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By The Way
Detours with locals. Travel tips you can trust.
The hamlet of Settignano.
The hamlet of Settignano.

A guide to local favorites in Settignano

The hamlet of Settignano.
The hamlet of Settignano.
  • By Vicky Hallett
  • Photos by Simone Donati
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So you want to take a day trip that won’t take all day? Here’s an idea: Board the #10 bus in San Marco and 25 minutes later, you’ll emerge in a tiny hilltop village. This is Settignano, a place with history, artistic importance and tasty eats, plus rarely trafficked streets perfect for idyllic strolls through the olive grove-dotted countryside. It’s calmer than its more famous neighbor Fiesole, which you can also reach by bus. Intrepid hikers can attempt to tackle the rugged, not-super-well-marked trail that connects the two.

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Piazza Niccolò Tommaseo
The bus line ends right in the middle of Settignano at this diminutive piazza that’s named for Niccolò Tommaseo, a prominent 19th-century Italian writer who spent his final years in a nearby villa. Say hi to his statue, which stands guard over a fountain. And don’t confuse him with Settignano’s most famous son, Renaissance sculptor Desiderio da Settignano.
Piazza Niccolò Tommaseo, 50135 Settignano FI, Italy
Chiesa di Santa Maria Assunta
Heavy wooden doors open to reveal a church that’s more intimate than opulent. But there’s still plenty to admire, including a majolica of Mary and Jesus from the workshop of Andrea della Robbia and a dimly lit painting of the Last Supper. The bell tower that pops up above makes this the most recognizable feature in the Settignano skyline.
Piazza Nicolò Tommaseo, 18, 50135 Firenze FI, Italy
La Bottega di Settignano
Fruit piled in crates beckons potential picnickers to this rustic market, where you can buy bread, cheese, meat and a selection of hot prepared dishes, including hearty soups and stuffed veggies. Green wooden bookcases are stocked with shelf stable items like jumbo olives and artisanal cookies. Can’t wait to chow down? A few tables are out back.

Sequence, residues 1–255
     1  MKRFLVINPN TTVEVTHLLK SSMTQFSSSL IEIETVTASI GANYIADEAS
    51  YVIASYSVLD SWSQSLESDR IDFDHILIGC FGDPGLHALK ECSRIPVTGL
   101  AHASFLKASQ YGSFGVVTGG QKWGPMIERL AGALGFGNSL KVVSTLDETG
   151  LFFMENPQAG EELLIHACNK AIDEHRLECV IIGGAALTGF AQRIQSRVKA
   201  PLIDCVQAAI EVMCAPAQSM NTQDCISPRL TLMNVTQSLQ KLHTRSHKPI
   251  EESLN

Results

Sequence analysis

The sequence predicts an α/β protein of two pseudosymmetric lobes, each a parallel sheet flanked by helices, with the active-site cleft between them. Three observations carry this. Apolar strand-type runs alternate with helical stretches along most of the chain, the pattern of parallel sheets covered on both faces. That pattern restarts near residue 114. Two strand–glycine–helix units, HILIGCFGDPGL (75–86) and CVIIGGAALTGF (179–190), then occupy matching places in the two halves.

Piazza Niccolo’ Tommaseo 10/R, 50135 Settignano, Florence, Italy
Caffe Desiderio
This wine bar asks the tough questions, starting with, “inside or outside?” Diners rightfully agonize over the inventive menu featuring items like cauliflower cream with crispy mortadella, sous-vide suckling pig belly and guinea fowl scented with cider. Then they have to contend with the encyclopedic wine list, which conveniently offers pours by the glass and ¼ liter if you’d like to create a DIY flight.
Piazza Niccolò Tommaseo, 5R, 50135 Firenze FI, Italy
Villa Gamberaia gardens
Back in 1904, Edith Wharton wrote that this property combines “almost every typical excellence of the old Italian gardens.” Hike 15 minutes from Piazza Tommaseo, pay the $22 admission fee and you’ll see she was right — soaring hedges frame water features, sculptures and citrus trees, an endless bowling green makes way for wild woods and ornate rockwork walls burst with flowers.
Via del Rossellino, 72, 50135 Firenze FI, Italy
Piazza Desiderio
From this panoramic viewpoint you can see all of Florence, then sample some nearby hiking trails. Follow the stairs down toward Via dei Ceci and Via Vecchia di Settignano for a 15-minute hike to Ponte a Mensola. Or go right on Via Feliceto for a more ambitious route that snakes behind Villa Morghen and cuts north along trails once used by the area’s stone cutters.
Piazza Desiderio, 50135 Settignano FI, Italy
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Vicky Hallett
Vicky moved to Florence with her family in 2015. The hot, humid summers remind her of home in Washington, D.C. — only without the air conditioning. The rest of the year, she’s grateful for the Tuscan sun.
Simone Donati
Simone is a contributing photographer to The Washington Post based in Florence and Bari.